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5 Things You May Not Know About The Missouri River

Elle Moxley
KCUR 89.3
The KC Water Department assures us that despite the boat's strong resemblance to the S.S. Minnow, the tour will only last an hour.

Whenever she takes people out on her boat, Vicki Richmond from the Healthy Rivers Partnership likes to ask if they know where their drinking water comes from.

“You’d be amazed how many people don’t know it’s the Missouri River,” says Richmond as members of the media clamber aboard. For Drinking Water Week, the Kansas City Water Department arranged to have Richmond show us the Missouri River.

Credit Elle Moxley / KCUR 89.3
KCUR 89.3
From right, we have water taken directly from the Missouri River, clean drinking water, untreated wastewater and finally water that's returned – treated – to the river.

(This reporter would like to state, for the record, she knew before today where our drinking water came from.)

Now that we’ve established that Kansas City gets its drinking water from the Missouri River, here’s five things you may not know.

1) Don’t panic if an Asian carp jumps into the boat. Larry O’Donnell with the Healthy River Partnership points to a dead white fish on the riverbank. “They’re invasive,” he explains. “They were brought over to the northern Arkansas rice fields to help clean ’em. They escaped in the ’93 flood. Their defense mechanism is to jump. They hear the sound of the motor, and they jump.” Asian carp are highly invasive because they have no natural predators.

2) If you’ve ever visited the Arabia Steamboat Museum in the River Market, you know boats sank all the time in the "Mighty Missouri." “We say they sank, but usually they’d go down in four or five feet of water,” says O’Donnell. “It’s not like the Lusitania. Generally, most people could get off and walk to shore, but the boat was trashed. They figured if the boat could make it up and back once it paid for itself.” More than 200 steamships were lost in the late 1800s.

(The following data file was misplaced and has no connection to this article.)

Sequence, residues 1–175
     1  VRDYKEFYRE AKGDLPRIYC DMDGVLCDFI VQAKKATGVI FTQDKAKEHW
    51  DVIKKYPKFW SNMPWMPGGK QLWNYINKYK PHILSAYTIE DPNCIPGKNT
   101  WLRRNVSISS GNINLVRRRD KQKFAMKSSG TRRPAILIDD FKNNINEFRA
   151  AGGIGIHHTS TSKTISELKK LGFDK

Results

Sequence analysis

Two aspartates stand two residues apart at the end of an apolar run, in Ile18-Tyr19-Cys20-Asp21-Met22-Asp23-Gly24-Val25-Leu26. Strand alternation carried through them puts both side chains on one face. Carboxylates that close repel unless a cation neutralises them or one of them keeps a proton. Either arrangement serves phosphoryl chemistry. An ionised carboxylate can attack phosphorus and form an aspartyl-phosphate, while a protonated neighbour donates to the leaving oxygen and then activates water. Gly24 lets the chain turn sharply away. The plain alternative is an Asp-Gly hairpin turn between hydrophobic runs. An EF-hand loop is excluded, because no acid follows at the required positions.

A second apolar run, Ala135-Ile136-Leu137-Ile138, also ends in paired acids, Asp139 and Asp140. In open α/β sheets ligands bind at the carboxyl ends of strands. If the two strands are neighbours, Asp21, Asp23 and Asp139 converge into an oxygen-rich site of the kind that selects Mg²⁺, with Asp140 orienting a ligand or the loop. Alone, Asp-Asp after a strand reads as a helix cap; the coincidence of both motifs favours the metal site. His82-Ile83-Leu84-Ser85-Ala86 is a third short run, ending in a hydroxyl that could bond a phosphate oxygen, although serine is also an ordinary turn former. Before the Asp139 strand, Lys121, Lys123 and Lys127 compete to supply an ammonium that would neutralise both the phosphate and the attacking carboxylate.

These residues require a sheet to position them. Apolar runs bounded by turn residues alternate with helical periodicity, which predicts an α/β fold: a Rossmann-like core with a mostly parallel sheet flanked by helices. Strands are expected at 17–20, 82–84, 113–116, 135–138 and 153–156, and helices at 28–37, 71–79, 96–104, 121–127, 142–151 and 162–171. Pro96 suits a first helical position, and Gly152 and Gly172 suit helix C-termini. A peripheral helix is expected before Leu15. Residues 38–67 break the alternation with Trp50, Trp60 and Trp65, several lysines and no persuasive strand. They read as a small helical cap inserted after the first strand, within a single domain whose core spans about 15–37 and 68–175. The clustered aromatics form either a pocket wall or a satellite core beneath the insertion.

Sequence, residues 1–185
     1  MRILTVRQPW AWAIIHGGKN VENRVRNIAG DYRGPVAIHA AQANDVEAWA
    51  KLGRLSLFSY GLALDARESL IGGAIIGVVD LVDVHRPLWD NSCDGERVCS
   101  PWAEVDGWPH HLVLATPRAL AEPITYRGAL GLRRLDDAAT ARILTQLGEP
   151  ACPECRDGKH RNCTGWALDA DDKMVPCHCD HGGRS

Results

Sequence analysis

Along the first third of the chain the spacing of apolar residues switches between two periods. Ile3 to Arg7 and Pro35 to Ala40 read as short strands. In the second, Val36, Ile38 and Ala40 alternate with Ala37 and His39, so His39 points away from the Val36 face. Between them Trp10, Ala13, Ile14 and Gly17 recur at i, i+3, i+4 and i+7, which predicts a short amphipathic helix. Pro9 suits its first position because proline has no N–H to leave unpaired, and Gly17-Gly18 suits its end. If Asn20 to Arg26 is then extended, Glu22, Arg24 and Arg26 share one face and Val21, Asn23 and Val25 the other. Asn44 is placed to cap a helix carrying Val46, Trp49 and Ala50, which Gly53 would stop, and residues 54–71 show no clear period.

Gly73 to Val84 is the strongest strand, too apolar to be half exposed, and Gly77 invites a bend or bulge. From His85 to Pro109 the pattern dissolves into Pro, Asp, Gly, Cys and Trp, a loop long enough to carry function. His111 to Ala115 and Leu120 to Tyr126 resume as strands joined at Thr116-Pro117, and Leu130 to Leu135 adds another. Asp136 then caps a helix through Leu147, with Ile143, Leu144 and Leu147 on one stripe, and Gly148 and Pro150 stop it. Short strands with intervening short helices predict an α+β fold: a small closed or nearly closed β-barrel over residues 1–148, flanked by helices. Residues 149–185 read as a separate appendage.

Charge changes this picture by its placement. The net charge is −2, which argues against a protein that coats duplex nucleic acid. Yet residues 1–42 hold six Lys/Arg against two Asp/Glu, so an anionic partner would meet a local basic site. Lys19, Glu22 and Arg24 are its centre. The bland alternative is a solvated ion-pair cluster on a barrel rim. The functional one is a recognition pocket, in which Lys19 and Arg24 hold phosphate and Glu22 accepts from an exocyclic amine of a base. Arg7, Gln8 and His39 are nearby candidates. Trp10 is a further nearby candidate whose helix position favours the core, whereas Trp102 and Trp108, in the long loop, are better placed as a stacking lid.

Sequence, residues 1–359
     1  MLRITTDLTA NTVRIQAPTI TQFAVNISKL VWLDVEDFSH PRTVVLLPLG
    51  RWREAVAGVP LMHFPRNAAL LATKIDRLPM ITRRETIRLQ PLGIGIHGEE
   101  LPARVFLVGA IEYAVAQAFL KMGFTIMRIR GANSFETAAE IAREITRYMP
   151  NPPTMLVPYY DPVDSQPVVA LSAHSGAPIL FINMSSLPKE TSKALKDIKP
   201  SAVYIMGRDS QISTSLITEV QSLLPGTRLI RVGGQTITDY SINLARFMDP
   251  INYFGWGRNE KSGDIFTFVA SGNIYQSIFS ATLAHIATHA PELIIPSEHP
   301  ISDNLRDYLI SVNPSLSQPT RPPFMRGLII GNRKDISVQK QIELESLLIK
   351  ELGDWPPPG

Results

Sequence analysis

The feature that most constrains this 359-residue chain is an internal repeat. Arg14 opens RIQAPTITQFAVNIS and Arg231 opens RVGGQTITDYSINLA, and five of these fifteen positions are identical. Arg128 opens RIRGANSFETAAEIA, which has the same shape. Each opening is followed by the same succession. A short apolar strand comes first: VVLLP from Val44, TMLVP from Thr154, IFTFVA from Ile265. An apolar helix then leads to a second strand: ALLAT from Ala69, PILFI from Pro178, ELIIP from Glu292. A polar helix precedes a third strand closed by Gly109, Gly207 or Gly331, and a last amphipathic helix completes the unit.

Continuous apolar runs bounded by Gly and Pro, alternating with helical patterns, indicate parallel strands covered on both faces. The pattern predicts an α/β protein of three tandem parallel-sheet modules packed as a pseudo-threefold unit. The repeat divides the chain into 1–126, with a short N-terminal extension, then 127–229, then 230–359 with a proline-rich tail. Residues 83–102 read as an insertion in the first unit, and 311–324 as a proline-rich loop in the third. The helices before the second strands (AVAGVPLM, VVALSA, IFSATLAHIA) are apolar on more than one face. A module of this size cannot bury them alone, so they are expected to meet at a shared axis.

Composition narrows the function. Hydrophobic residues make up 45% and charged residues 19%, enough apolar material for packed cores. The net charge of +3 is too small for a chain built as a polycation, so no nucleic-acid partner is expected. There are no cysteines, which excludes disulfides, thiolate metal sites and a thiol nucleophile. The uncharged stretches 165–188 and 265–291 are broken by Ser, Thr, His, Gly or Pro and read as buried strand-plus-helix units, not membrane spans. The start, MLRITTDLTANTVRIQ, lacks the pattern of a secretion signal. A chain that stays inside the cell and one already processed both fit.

3) The French were in what’s today Kansas City 100 years before Lewis and Clark. In fact, they were already farming the West Bottoms when the explorers arrived. Back then, the river was 2 miles wide. It took 30 years to dredge the channel using giant wooden jacks with willow masts between them. “What happens is the water flows over the top when it gets high, slows it down, all the silt settles out,” O’Donnell says. “We created about 300,000 acres of land by doing that. At the same time, we cut off all kinds of habitat.”

4) Berkley Riverfront Park was built atop the old municipal landfill and tow lot. “It’s a pretty good use of the land,” says Richmond. “It’s not appropriate as a building site. It’s really good as a park site.” Of note? Rubble from the old Wayne Miner housing project and the Hyatt skywalks are buried here.

Credit Elle Moxley / KCUR 89.3
KCUR 89.3
This BNSF Railway Bridge swings out to accommodate barge traffic underneath.

5) Bridges over the Missouri have to be a certain height to allow river traffic to pass below. The middle section of the BNSF Railway bridge that runs parallel to Buck O’Neil Bridge swings out to accommodate barges. The Army Corps of Engineers posts a daily schedule to its Facebook page so you can coordinate your next visit to Berkley Riverfront Park with the movement of the bridges.

Elle Moxley covers Missouri schools and politics for KCUR. You can reach her on Twitter @ellemoxley.

Elle Moxley covered education for KCUR.
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